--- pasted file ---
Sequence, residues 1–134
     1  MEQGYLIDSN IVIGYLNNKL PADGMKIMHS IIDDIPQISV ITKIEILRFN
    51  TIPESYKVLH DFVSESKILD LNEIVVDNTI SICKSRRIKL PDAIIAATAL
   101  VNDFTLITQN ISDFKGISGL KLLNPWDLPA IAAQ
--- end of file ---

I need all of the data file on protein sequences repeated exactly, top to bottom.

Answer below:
Sequence, residues 1–134
     1  MEQGYLIDSN IVIGYLNNKL PADGMKIMHS IIDDIPQISV ITKIEILRFN
    51  TIPESYKVLH DFVSESKILD LNEIVVDNTI SICKSRRIKL PDAIIAATAL
   101  VNDFTLITQN ISDFKGISGL KLLNPWDLPA IAAQ